Carmine Alfieri

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Mugshot of Carmine Alfieri.

Carmine Alfieri (born February 18, 1943) is an Italian Camorra boss, who rose from Piazzolla di Nola to become one of the most powerful members of Neapolitan Camorra in the 1980s. As boss of the Alfieri clan, he was the undisputed head of the Camorra from 1984 until his arrest in 1992.[1] Alfieri's nickname is 'o 'ntufato, the angry one, thanks to the dissatisfied, angry sneer he wears constantly.[2]

Biography[edit]

Early career[edit]

Alfieri was born in Saviano, near Naples. The Camorra entered in his life when he was only seven. In 1953, he took an oath with his brother Salvatore, to avenge the killing of their father Antonio Alfieri. Three years later, in 1956, Salvatore Alfieri killed the murderer of his father.[3] In the 1960s Carmine was first arrested. In 1974, he was initiated in the Camorra as uomo d'onore (man of honour). In 1978 he was charged for homicide and in 1981 for mafia association.[4]

In the 1980s he was among the founders of the Nuova Famiglia, which was opposed to the then dominant Nuova Camorra Organizzata of Raffaele Cutolo. The rivalry caused a ferocious war with a huge number of victims, including Carmine’s brother Salvatore. The Alfieri clan of the 1980s and 1990s exhibited a hubris and a penchant for wanton violence that compared favorably with Cosa Nostra’s spectacular assassinations. According to police estimates, Alfieri’s killers alone counted as many as 500 murders during the decade 1983-93. For instance, Domenico Cuomo, Alfieri's main hitman confessed to have committed over 90 murders within the same period.[5][6]

Rise to power[edit]

Cutolo overplayed his hand in the Cirillo kidnap affair. His former political protectors turned and provided their support to Carmine Alfieri, his main rival in the bloody 1981-83 Camorra war between Cutolo’s Nuova Camorra Organizzata (NCO) and the Nuova Famiglia. In November 1982, the NCO's financier, Alfonso Ferrara Rosanova, was murdered. When Cutolo’s deputy and main ‘military’ chief, Vincenzo Casillo was killed via a car bomb in January 1983 by the allies of Alfieri, it was clear Cutolo not only had lost his political protection but the war as well. Many other Camorra gangs understood the shift in the balance of power caused by the death of Casillo. They abandoned the NCO and allied themselves with Alfieri.[7]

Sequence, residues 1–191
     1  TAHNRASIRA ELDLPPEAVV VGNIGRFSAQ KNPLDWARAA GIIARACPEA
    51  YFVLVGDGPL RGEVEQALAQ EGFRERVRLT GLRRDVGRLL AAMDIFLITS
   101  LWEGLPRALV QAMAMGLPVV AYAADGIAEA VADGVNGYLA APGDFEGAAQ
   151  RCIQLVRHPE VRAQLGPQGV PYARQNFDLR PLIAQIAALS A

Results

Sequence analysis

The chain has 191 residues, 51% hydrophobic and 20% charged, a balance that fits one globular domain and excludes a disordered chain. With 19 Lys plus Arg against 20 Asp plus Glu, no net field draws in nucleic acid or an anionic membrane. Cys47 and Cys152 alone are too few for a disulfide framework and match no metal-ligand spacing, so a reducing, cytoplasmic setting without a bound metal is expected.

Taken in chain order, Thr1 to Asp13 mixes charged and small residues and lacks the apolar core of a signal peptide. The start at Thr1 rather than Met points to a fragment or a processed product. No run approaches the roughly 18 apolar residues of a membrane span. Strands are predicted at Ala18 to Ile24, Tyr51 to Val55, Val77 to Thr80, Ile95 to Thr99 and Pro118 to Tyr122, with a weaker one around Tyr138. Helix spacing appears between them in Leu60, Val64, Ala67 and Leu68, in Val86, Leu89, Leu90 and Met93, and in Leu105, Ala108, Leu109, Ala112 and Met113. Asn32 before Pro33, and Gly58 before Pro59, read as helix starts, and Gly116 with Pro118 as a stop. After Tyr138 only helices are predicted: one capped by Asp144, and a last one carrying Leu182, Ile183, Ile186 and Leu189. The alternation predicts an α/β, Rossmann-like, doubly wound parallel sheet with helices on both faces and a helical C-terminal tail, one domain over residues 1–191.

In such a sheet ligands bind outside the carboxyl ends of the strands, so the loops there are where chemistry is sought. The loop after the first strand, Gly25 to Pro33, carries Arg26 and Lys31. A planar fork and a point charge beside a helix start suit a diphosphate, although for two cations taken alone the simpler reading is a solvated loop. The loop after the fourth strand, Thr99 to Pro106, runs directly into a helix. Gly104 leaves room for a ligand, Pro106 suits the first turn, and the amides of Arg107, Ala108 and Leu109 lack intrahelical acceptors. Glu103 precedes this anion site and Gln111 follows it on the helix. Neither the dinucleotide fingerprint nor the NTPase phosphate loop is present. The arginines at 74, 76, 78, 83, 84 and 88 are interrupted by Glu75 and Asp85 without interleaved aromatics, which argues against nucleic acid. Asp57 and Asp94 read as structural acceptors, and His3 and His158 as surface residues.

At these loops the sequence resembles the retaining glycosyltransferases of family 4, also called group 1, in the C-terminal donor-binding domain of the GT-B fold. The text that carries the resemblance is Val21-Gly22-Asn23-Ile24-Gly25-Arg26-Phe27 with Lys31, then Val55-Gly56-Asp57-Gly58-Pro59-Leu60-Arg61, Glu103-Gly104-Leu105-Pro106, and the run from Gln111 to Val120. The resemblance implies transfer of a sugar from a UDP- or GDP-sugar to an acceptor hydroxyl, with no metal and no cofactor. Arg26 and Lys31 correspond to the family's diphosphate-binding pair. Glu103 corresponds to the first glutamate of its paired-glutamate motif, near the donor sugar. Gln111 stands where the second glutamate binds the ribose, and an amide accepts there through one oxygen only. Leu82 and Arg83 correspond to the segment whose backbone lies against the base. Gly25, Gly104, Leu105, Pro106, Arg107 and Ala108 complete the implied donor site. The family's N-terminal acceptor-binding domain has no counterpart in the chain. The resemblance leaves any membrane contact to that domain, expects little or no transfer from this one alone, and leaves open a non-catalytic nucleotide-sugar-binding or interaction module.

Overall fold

After the defeat of Cutolo, war broke out among the anti-NCO coalition, in particular between the Nuvoletta clan from Marano and Antonio Bardellino at the end of 1983. Alfieri sided with Bardellino’s Casalesi clan. The war culminated in the Torre Annunziata massacre of August 1984, which left eight people killed and 24 wounded among the Gionta clan allied with Nuvoletta. After the massacre and the murder of Ciro Nuvoletta two months earlier, the balance of power shifted in favour of Alfieri.[8]

In the first instance Alfieri and others were convicted for having organised the massacre and given life sentences. However, on appeal they were acquitted thanks to the intervention of politicians and the help of judge Armando Cono Lancuba.[9]

Alfieri’s Camorra is described as the "political Camorra" because of its ability to obtain public sector contracts through political contacts. Cutolo's "mass Camorra" of unemployed youth specializes in protection rackets, and Lorenzo Nuvoletta's "business Camorra" reinvested drug money into construction following the 1980 earthquake. The political Camorra was also innovatory because it tried to establish a federation between clans to overcome mutual suspicion and bloody feuds.[10]

Arrest and turncoat[edit]

Carmine Alfieri at his 1994 trial.

Alfieri, one of the most wanted men in Italy, was arrested in his pyjamas by Italian police on September 11, 1992, together with Vincenzo Cesarano and Marzio Sepe.[11][12] At the time of his arrest, Alfieri’s personal assets were estimated at US$1.2 billion, making him the richest criminal in Italy.[13]

In March 1994, like his former lieutenant Pasquale Galasso who preceded him, Alfieri became a pentito.[12] Both Alfieri and Galasso clarified numerous homicides and implicated the former Italian Minister of the Interior Antonio Gava and dozens of other politicians.[14] They claim not only to have met Gava, but insist that Gava used his influence to win the release of several convicted camorristi.[15] His decision to become a pentito spurred the Camorra to kill several members of Alfieri's blood family, including his son Antonio, a brother Francesco, a nephew and Vincenzo Giugliano, son-in-law.[16]

References[edit]

  1. ^ (Italian) Casalesi operazione Gomorra, L’espresso, August 10, 2007
  2. ^ Italy: The Crooks in Control, by Alexander Stille, The New York Review of Books, April 17, 2008
  3. ^ (Italian) Alfieri clan
  4. ^ Barrese, Camorra politica pentiti, p. ??.
  5. ^ The Business Of The Camorra, by Mike La Sorte, AmericanMafia.com, April 2005
  6. ^ Behan, See Naples and Die, Google Print, p. 13.
  7. ^ Behan, See Naples and Die, pp. 151-54
  8. ^ Behan, See Naples and Die, pp. 127-28
  9. ^ Behan, See Naples and Die, p. 237
  10. ^ Behan, See Naples and Die, Google Print, p. 255
  11. ^ (Italian) Il padrino in pigiama si arrende, Corriere della Sera, September 12, 1992
  12. ^ a b (Italian) Si pente Carmine Alfieri superboss della camorra, Corriere della Sera, March 1, 1994
  13. ^ Behan, See Naples and Die, p. 12
  14. ^ Italian Ex-Interior Minister Is Arrested in Raids on Mobsters, The New York Times, September 21, 1994
  15. ^ Stille, Excellent Cadavers, p. 403
  16. ^ Grado, Camorra, p. ??.